NewslettersRuby Lane's newsletters are designed to celebrate the antiques and art, vintage collectibles and jewelry communities around the world. Our Past Times newsletter focuses on antiques and collectibles. Our Creative Hands newsletter celebrates fine art and handcrafted jewelry on Ruby Lane. Our shop owners are frequent article contributors, sharing their expertise and their passions for the items they collect and create. Enjoy!
Subscribe Now to our Newsletters
Past Times Newsletter - June 2001
The monthly newsletter from Ruby Lane Antiques, Collectibles,
and Fine Art ... and now Arts & Crafts
Welcome to Past Times!
IN THIS ISSUE:
o COLLECTING YOUR HOMETOWN HISTORY By Kenneth Gloss of The
Journal of Antiques and Collectibles
o The Ruby Lane SOLD shop is now open
o The Ruby Lane Logo Store is now open too!
COLLECTING YOUR HOMETOWN HISTORY BY KENNETH GLOSS
OF THE JOURNAL OF ANTIQUES AND COLLECTIBLES
People who collect books are often the same ones who have a love
of history. Often it is this appreciation for the past, either
of countries, events or of themselves, that compels them to
begin their collection. The country's bicentennial celebration
in 1976, followed by the mini-series Roots, based on Alex
Haley's novel of the same name, inspired a great many people to
discover their own personal history. As people realized their
family's story was intertwined with that of the place they
called home, historical associations received unprecedented
donations, which allowed them to publish updated histories of
local towns and regions. This fascination with the history of
place is still strong today, and for the most part, you can
collect a lot of town history without spending a lot of money.
Town histories first began to appear around the turn of the
century. Most books from this time period fall within the $50 -
$100 range, although it may be higher depending on who wrote it
and which town it is about. Most of the places that had
histories compiled about them were suburban towns with
relatively small populations, so the number of books printed was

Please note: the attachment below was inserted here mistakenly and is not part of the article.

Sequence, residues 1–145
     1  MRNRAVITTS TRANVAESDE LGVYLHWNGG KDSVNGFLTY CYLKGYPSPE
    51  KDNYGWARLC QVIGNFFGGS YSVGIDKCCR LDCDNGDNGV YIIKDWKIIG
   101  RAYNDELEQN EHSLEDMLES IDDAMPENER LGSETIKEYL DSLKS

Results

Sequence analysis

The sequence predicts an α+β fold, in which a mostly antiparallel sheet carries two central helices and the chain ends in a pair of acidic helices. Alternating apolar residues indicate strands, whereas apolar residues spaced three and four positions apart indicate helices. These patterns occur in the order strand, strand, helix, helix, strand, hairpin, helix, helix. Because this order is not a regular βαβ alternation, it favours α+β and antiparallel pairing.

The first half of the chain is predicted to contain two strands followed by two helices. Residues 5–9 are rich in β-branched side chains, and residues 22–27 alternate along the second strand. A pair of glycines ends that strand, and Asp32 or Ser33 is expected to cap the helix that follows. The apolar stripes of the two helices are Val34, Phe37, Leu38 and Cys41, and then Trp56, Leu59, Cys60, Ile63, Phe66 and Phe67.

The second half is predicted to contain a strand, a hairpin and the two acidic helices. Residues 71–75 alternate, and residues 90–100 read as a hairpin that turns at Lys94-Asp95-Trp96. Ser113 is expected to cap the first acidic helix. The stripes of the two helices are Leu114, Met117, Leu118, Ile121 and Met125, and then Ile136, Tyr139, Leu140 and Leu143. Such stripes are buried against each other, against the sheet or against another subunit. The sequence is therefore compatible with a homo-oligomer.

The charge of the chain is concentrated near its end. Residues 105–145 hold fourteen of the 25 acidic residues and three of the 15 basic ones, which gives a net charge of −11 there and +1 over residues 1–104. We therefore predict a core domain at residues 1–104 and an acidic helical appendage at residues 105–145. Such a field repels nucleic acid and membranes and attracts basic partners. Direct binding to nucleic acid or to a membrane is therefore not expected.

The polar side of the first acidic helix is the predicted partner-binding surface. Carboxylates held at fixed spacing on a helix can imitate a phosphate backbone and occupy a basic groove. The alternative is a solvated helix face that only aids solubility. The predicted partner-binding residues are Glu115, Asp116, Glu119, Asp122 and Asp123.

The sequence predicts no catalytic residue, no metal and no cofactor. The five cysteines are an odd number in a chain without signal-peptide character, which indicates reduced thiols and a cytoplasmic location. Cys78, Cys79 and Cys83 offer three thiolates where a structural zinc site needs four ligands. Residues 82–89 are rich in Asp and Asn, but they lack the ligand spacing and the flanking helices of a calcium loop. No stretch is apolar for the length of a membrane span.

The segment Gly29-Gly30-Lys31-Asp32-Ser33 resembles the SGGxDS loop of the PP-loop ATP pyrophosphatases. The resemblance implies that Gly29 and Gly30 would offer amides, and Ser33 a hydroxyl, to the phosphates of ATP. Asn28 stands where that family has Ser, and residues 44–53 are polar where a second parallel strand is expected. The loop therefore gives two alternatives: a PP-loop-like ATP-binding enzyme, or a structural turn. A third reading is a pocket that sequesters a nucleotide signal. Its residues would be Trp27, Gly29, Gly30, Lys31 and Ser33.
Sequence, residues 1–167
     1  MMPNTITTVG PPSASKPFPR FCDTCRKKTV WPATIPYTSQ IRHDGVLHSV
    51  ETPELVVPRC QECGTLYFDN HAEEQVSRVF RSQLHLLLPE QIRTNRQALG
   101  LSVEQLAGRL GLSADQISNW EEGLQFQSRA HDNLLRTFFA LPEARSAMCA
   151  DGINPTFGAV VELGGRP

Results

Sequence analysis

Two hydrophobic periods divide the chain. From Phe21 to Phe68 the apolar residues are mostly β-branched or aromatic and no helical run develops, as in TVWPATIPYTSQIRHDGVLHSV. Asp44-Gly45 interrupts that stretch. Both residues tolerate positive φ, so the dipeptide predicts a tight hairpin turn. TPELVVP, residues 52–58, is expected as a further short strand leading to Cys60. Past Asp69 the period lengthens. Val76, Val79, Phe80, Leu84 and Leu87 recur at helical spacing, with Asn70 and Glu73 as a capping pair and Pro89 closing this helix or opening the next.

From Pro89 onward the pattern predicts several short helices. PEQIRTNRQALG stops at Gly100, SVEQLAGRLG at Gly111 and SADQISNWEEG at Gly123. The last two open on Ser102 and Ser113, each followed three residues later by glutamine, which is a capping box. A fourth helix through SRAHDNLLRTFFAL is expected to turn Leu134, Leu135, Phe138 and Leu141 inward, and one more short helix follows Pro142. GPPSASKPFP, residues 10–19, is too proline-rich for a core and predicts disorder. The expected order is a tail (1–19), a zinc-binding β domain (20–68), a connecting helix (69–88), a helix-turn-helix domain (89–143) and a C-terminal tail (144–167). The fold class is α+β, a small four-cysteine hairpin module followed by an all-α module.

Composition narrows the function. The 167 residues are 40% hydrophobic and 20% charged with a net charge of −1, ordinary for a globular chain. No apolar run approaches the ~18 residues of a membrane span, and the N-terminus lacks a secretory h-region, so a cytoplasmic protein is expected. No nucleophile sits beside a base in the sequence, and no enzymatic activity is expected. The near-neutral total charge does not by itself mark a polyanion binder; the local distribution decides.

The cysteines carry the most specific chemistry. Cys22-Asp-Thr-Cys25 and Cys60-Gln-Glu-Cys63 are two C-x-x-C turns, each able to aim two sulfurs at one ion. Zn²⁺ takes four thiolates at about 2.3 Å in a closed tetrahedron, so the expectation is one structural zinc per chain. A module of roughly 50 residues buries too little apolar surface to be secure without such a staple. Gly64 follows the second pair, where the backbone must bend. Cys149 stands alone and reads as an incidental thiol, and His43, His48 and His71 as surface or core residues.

also small. Today's urban sprawl has greatly increased the
population calling these towns home, making the number of people
interested in these histories much greater than the number of
In the 1870s, big town and country atlases were produced,
usually for insurance and real estate purposes. These atlases
were very detailed, literally showing every street and the names
of every property owner in each town. You can pinpoint where a
person lived and get a good idea of what the neighborhood was
like. If you collect a series of atlases from consecutive years,
it's possible to watch how one tract of land that began as a
farm is methodically subdivided into single home plots and
streets. These maps also make great housewarming presents. You
can give a homeowner an idea of what their property looked like
100 years ago or how their town has progressed through the
Town histories are often a compilation of a broad range of data
which all work together to fill in a picture of what it was like
to live in that place during a particular time. Diaries can be
of great value in this area. While some diaries contain little
more than notations of what the weather was like on a particular
day, others can add vivid details to a local history. Most towns
have some famous or prominent resident who kept a diary, but
sometimes locating the diary of an ordinary person is really
more helpful in getting a picture of daily life in that town.
Average people live the common experiences of day-to-day life,
while famous people are often caught up in bigger events, which
don't represent the reality of the general populace at the time.
Financial records can also prove quite illuminating. Account
books and tax records of different merchants, hotels and
businesses can hold a lot of interesting information, from what
the prices of different items were at that time, to who was
extended credit and who wasn't. Account books from professionals